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Cross-posted at the Indian Philosophy Blog.

A friend read the previous post on ibn Sīnā and Śāntideva and asked (on Google+) what exactly I meant by “incompleteness”. It was a great question and made me realize there was a bit of confusion in my own thinking.

The point of connection I saw between the two different thinkers was above all at the level of understanding the world. The idea is that both thinkers would say we can’t understand the world just in terms of the set of entities that normally appears to us (like people and trees). Unless we either add God to the picture (ibn Sīnā) or remove the self from it (Śāntideva), we misinterpret everything else. That’s the thrust of the MacIntyre quote that the post had centred around: adding God to the world is not just a +1 to the set of entities, and removing the self is not just a -1. The presence or absence of God or self changes the nature of everything else.

That is to say that the “incompleteness” that the Muslim and the Buddhist can agree on is an epistemological incompleteness. MacIntyre’s original quote noted: “theists believe that nature presents itself as radically incomplete, as requiring a ground beyond itself, if it is to be intelligible…” (emphasis added this time) A world without God, for ibn Sīnā, cannot be adequately understood; it is incomplete in the sense that our knowledge of the entities in the world has a fatal gap, until we add God to make sense of them. Śāntideva – and other Buddhists including Aśvaghoṣa and Dharmakīrti – would say the same about a world with selves. Our knowledge of the world has a fatal gap until we remove the confusion that is the self. It is not just that by positing selves in the world we add one illusory kind of thing that isn’t there (as if we had posited unicorns). It is that by positing those selves we misunderstand the nature of everything else, as ibn Sīnā would say we do if we don’t allow God as an explanation.

But there is also a big difference between the two, one which I wasn’t seeing last time because of the ambiguity in the word “incompleteness”. Śāntideva and ibn Sīnā would not agree on ontological incompleteness – that is, the idea that things themselves, and not merely our knowledge of them, actually are incomplete. For I say that for Buddhists “all of those things [in the world] are indeed taken to be radically incomplete, lacking.” And that is a point on which ibn Sīnā would disagree and disagree strongly. The things of the world would be lacking, radically incomplete, if there were no God. Such a world, I believe, is described well by the existentialists. But of course as far as ibn Sīnā is concerned there is a God, and for that reason the things of the world are not actually lacking or radically incomplete at all. It is only our understanding of them that is incomplete, insofar as we miss the presence of God.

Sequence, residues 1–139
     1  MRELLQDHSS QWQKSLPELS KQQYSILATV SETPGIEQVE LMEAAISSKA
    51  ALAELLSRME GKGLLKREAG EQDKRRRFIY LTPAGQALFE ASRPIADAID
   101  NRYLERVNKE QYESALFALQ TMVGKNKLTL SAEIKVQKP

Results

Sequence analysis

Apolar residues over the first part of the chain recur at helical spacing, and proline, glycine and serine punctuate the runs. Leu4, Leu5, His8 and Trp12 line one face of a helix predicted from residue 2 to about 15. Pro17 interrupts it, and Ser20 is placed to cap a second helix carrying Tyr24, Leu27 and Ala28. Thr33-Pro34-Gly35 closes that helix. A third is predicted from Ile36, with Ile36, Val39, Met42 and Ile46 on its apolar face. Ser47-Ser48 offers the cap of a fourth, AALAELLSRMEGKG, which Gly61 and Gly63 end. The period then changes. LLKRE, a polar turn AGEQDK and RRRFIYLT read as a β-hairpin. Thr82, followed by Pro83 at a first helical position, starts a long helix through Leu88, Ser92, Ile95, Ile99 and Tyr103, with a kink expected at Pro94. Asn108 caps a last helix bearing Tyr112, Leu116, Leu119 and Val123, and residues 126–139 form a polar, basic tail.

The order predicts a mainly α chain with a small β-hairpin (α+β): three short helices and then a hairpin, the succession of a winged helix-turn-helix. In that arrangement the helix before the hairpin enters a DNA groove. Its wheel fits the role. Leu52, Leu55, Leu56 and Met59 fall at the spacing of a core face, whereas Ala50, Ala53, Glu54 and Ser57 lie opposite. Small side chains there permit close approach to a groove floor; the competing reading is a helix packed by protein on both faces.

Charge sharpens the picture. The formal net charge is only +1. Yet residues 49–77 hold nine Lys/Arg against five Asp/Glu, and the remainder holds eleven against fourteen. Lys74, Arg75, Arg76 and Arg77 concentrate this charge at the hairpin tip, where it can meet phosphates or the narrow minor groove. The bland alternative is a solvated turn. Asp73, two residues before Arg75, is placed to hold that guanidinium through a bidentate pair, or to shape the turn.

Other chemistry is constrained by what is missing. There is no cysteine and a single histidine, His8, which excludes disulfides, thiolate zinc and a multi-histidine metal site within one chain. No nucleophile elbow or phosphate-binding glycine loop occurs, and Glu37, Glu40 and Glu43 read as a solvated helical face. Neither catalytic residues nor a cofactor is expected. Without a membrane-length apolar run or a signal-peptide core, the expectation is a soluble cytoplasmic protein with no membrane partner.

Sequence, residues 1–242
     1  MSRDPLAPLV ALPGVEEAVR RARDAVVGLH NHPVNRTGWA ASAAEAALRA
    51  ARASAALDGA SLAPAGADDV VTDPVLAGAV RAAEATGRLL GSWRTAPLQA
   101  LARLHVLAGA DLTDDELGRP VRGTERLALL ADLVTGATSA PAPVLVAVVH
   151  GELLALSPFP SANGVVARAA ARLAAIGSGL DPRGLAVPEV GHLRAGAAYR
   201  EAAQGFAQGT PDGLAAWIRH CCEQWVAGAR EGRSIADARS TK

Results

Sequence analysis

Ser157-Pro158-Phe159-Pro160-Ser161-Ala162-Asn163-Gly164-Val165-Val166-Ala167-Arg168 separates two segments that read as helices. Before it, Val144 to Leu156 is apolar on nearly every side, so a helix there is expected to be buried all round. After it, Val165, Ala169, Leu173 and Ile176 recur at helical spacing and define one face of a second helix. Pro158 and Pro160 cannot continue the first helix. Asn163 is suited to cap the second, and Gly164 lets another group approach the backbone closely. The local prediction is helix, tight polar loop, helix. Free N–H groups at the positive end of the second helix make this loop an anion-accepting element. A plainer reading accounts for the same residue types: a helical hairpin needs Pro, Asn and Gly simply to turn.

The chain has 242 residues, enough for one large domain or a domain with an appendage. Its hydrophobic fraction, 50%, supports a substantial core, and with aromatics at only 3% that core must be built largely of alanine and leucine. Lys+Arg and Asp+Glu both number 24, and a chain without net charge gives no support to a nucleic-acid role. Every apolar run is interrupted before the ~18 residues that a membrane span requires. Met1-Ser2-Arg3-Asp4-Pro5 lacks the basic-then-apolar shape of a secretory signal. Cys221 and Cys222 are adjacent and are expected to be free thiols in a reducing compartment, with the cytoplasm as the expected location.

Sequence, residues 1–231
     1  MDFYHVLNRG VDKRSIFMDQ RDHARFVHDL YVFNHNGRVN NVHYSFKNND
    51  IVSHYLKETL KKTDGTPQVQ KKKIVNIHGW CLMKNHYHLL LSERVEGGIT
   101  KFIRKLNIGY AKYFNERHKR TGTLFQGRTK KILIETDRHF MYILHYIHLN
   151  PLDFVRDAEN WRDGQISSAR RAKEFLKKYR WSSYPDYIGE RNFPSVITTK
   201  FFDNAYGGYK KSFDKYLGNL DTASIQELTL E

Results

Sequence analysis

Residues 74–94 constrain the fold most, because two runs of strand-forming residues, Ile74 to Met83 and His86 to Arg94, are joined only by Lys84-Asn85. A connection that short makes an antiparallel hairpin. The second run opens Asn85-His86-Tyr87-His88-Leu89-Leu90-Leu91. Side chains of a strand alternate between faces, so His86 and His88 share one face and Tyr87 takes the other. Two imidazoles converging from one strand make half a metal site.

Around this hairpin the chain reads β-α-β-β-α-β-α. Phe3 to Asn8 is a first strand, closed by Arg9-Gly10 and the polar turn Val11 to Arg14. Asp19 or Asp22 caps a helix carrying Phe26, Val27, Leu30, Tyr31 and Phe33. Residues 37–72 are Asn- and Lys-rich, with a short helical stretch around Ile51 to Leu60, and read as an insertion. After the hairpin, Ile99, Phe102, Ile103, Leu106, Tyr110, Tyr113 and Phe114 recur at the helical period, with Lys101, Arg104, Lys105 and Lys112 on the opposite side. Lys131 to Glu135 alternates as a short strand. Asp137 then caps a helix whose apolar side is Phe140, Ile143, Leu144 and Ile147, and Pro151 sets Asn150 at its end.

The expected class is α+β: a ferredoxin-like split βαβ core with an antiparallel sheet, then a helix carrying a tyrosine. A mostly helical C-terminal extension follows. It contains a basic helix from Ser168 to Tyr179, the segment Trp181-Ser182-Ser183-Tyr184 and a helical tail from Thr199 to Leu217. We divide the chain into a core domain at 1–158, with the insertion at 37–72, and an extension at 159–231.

Buddhist views are very different. For Buddhists, unlike for Muslims (or other monotheists), there is a fundamental lack in all the things of the world. They are impermanent, essenceless (which is to say not-self) and unsatisfactory, anitya, anātman, duḥkha. To the extent that there is a lack in the things for ibn Sīnā, it is that they are incomplete without God; they require God to be complete. But – this is the key point I missed – they have God! God exists, for ibn Sīnā, and therefore we can see that things actually are complete if we understand them correctly – they all point beyond themselves to the ultimate truth that is God.

Buddhists, like existentialists, have no God – early and Madhyamaka Buddhists, at any rate. They do often tend to relate to godlike beings, such as the bodhisattva Mañjuśrī, but in monotheistic terms these beings are more like angels or even saints than gods; they did not create the world, they do not underlie it. The world itself has no omnibenevolent creator making it, no fundamental goodness and order underlying it. There is karma, but while karma responds to goodness and badness, it is not itself good or bad, it is simply there, as gravity is there. (That is referring to gravity as an atheist would understand it; for ibn Sīnā gravity would need to be fundamentally good, because God created it.) On an early Buddhist understanding, karma is itself something we’re trying to get out of; an arhat, a perfected person, is no longer subject to it.

In short, for Śāntideva, the world actually is incomplete and lacking, and we misunderstand it if we don’t see this lack – a lack at least partially expressed in the notion of non-self. For ibn Sīnā it’s just that the world would be incomplete without God. But since he takes God to exist, for him the world is complete; it is as it should be. The similarity between the two is that we don’t adequately understand the world, it is incomplete in intelligibility, without the key idea of God or non-self.